OBJECTIVES: Determine outcome differences between orphaned and non-orphaned children receiving antiretroviral therapy (ART). DESIGN: Retrospective review of prospectively recorded electronic data. SETTING: Nine HIV clinics in western Kenya. POPULATION: 279 children on ART enrolled between August 2002 and February 2005. MAIN MEASURES: Orphan status, CD4%, sex- and age-adjusted height (HAZ) and weight (WAZ) z scores, ART adherence, mortality. RESULTS: Median follow-up was 34 months. Cohort included 51% males and 54% orphans. At ART initiation (baseline), 71% of children had CDC clinical stage B or C disease. Median CD4% was 9% and increased dramatically the first 30 weeks of therapy, then leveled off. Parents and guardians reported perfect adherence at every visit for 75% of children. Adherence and orphan status were not significantly associated with CD4% response. Adjusted for baseline age, follow-up was significantly shorter among orphaned children (median 33 vs. 41 weeks, P = 0.096). One-year mortality was 7.1% for orphaned and 6.6% for non-orphaned children (P = 0.836). HAZ and WAZ were significantly below norm in both groups. With ART, HAZ remained stable, while WAZ tended to increase toward the norm, especially among non-orphans. Orphans showed identical weight gains as non-orphans the first 70 weeks after start of ART but experienced reductions afterwards. CONCLUSIONS: Good ART adherence is possible in western rural Kenya. ART for HIV-infected children produced substantial and sustainable CD4% improvement. Orphan status was not associated with worse short-term outcomes but may be a factor for long-term therapy response. ART alone may not be sufficient to reverse significant developmental lags in the HIV-positive pediatric population.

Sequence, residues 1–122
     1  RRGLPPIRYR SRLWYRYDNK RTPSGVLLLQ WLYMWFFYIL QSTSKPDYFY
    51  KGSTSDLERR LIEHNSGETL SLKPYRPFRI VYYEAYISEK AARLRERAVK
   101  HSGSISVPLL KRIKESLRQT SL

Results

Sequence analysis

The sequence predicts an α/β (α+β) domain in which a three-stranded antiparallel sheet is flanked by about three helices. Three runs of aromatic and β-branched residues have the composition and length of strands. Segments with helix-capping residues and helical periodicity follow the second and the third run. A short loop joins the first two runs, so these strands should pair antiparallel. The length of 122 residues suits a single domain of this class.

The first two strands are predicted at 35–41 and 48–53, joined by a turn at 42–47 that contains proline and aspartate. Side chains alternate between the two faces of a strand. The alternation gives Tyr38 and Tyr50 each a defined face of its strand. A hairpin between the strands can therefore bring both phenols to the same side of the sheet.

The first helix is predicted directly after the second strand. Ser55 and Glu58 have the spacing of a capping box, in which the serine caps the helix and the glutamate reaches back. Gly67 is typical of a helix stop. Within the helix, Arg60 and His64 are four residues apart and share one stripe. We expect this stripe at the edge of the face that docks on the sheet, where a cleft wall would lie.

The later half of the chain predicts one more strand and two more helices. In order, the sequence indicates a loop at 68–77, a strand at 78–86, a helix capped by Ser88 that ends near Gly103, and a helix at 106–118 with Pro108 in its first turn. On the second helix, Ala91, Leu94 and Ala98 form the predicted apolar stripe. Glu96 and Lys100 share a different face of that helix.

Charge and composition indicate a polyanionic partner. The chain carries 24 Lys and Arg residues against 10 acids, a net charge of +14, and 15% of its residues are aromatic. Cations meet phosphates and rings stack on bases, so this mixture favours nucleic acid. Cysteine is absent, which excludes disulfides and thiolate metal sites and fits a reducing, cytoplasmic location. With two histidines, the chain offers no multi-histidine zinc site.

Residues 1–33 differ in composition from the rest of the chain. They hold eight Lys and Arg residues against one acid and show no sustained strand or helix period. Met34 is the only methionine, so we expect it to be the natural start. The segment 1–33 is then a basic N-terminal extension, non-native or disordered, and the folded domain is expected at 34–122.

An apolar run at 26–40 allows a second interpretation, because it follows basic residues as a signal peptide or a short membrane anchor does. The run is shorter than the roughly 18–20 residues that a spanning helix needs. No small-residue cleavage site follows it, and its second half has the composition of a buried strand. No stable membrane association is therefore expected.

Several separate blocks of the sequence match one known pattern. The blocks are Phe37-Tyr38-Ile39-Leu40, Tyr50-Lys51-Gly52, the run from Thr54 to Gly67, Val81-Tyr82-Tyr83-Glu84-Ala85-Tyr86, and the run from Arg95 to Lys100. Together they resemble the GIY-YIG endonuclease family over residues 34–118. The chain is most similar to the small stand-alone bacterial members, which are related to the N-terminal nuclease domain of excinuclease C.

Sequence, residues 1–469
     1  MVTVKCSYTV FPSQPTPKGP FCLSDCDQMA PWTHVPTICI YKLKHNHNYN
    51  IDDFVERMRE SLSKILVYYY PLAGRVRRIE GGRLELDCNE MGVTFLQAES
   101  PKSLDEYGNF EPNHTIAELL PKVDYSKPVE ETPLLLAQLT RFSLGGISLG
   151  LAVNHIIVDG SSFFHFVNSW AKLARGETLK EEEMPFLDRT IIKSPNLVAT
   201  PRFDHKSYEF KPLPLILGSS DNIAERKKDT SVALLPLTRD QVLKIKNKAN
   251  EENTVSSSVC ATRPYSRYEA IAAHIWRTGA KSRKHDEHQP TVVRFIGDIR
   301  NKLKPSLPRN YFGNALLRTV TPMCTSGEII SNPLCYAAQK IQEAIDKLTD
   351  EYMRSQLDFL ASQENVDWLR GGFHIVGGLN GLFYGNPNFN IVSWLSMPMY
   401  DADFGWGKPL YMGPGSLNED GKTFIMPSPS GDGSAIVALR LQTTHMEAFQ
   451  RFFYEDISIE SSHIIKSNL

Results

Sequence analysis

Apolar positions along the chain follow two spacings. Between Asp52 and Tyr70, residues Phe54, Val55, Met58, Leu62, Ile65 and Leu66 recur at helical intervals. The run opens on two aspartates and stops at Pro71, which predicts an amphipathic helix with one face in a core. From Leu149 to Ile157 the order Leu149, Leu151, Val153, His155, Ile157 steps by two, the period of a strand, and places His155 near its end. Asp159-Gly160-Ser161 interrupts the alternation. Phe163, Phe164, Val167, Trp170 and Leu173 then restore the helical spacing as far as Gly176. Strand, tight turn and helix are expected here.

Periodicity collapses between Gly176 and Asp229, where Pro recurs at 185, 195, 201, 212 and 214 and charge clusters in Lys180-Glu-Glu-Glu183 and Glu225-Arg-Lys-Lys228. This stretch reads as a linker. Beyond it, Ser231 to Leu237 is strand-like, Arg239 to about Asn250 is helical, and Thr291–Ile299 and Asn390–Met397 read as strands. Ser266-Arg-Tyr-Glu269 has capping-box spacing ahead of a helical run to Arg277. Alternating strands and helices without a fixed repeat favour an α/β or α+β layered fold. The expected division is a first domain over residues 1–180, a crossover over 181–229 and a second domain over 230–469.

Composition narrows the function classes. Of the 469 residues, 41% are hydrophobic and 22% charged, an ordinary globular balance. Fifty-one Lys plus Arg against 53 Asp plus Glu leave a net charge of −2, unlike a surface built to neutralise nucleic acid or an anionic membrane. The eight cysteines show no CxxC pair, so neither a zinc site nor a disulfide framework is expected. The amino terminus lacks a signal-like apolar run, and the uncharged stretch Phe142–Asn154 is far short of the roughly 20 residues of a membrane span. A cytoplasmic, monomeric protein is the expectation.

|Original language||English (US)|
|Number of pages||8|
|Journal||Journal of Acquired Immune Deficiency Syndromes|
|State||Published - Dec 2006|
- Antiretroviral therapy
- Western Kenya
ASJC Scopus subject areas